November 23     

Today's quotation:

By teaching our children to stay in line we create well-behaved followers.  While this may make parenting a bit easier, it has enormous costs later in life.  These same children grow up to be unhappy adults who desperately want to lead their own lives, yet lack the necessary skills to do so.

Cheryl Richardson

Stand Up for Your Life

Today's Meditation:

I see this trait in many of my high-school students.  They're unable to function on their own without someone else telling them what to do-- and often, that someone else is the phone that they're unable to put down.  I think that I would add to Cheryl's first sentence "to stay in line or depend on their phones," because the electronic age has taught parents a new way to control the behavior of their kids-- give them screens to watch, and they'll be occupied and they won't bother us.  Unfortunately, though, they're still not learning the life skills that they need to deal with life later.

We do need kids to "stay in line" in certain situations, especially when they're part of groups such as classes.  But kids also should be able to live the freedom that is inherent in being a young human being.  They should be free to explore, to challenge, to experiment, to make mistakes-- even huge ones.  A child who isn't making mistakes and learning from them is going to grow into an adult who may or may not be able to deal with the realities that he or she is facing because he or she has not learned the skills of problem resolution or simple coping strategies.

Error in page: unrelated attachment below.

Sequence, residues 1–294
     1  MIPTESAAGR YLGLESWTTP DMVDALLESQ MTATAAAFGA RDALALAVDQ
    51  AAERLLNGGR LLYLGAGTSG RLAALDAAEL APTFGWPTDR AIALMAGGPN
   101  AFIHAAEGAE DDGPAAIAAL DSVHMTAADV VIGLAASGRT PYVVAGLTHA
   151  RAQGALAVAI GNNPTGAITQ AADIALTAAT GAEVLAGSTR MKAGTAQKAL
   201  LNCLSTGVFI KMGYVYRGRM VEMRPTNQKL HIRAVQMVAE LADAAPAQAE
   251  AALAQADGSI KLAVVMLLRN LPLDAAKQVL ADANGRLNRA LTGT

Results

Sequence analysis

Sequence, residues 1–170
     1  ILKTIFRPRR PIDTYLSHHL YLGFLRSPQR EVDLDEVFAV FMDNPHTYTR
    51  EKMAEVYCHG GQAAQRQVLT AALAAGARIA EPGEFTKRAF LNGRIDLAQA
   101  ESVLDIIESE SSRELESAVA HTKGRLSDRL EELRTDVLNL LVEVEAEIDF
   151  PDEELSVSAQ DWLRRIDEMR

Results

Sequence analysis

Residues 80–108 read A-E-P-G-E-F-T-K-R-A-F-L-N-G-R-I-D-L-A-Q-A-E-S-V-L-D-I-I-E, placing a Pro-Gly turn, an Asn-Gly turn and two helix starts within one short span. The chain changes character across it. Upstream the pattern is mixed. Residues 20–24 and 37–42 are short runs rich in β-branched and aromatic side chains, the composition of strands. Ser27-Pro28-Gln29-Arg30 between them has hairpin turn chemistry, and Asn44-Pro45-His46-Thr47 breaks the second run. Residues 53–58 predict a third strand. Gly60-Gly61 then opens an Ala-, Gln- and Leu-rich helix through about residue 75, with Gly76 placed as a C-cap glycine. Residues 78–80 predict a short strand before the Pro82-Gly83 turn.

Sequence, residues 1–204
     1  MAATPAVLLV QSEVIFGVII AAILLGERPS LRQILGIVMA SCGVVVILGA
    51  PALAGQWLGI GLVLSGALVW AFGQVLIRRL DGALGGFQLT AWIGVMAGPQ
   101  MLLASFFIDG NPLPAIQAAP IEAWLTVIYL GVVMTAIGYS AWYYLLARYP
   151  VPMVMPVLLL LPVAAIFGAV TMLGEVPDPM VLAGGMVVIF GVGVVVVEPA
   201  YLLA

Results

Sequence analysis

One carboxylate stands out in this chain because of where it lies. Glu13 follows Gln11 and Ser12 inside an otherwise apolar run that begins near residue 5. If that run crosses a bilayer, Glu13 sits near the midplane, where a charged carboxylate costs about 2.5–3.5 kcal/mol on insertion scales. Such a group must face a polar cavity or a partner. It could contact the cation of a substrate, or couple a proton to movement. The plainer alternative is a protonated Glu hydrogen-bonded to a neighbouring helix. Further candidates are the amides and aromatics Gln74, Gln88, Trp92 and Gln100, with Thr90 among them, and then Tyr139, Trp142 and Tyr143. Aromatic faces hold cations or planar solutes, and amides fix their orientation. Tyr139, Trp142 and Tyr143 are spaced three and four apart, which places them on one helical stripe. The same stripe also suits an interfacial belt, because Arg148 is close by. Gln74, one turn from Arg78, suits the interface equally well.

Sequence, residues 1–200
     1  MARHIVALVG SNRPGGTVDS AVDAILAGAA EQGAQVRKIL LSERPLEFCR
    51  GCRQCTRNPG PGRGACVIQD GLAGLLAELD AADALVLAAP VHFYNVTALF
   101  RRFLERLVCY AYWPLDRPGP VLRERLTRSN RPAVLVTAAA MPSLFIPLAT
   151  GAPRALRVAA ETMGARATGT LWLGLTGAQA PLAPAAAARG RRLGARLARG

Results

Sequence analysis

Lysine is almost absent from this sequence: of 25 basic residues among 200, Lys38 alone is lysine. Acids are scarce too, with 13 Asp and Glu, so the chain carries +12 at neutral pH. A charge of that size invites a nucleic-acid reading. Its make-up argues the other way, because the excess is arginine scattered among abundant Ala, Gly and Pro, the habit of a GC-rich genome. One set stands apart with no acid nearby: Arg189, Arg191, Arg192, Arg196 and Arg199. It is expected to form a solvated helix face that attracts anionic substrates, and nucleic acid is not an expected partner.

What does it mean to lead our own lives rather than being followers?  It means that we make our own decisions without consulting with someone else; it means we forge our own path without looking for validation from someone else; it means that we determine our own ideals and principles and ethics without adopting someone else's.  It means that we love and respect ourselves enough to trust ourselves to take steps that we believe in, without having to consult with anyone else about whether or not they're the right steps to take.

We do a lot of damage to our children when we turn them into followers who aren't learning how to lead themselves through life.  It's not up to us to "keep them in line"; rather, it's up to us to provide them with an environment in which they'll find the safety necessary for them to lead their own lives and feel secure enough to take risks now, when they're young, that won't have such drastic consequences as some of the risks that they'll take later.  Let's help our children to grow up to be able to deal with what life has in store for them, and not try to keep them in line for our own comfort or convenience.

Questions to consider:

What are some of the risks involved in letting kids grow and explore and learn?  Why do so few people allow this to happen?

Why do we tend to try to keep children "in line"?  What are some of the ways that we do this?

What would it mean to let children "be themselves?"  Is that possible?

For further thought:

A low self-love in the parent desires that his or her child should repeat his or her character and fortune.  I suffer whenever I see that common sight of a parent or senior imposing his or her opinion and way of thinking and being on a young soul to which he or she is totally unfit.  Cannot we let people be themselves, and enjoy life in their own way?  You are trying to make another you.  One's enough.

Ralph Waldo Emerson

more thoughts and ideas on children

   

  

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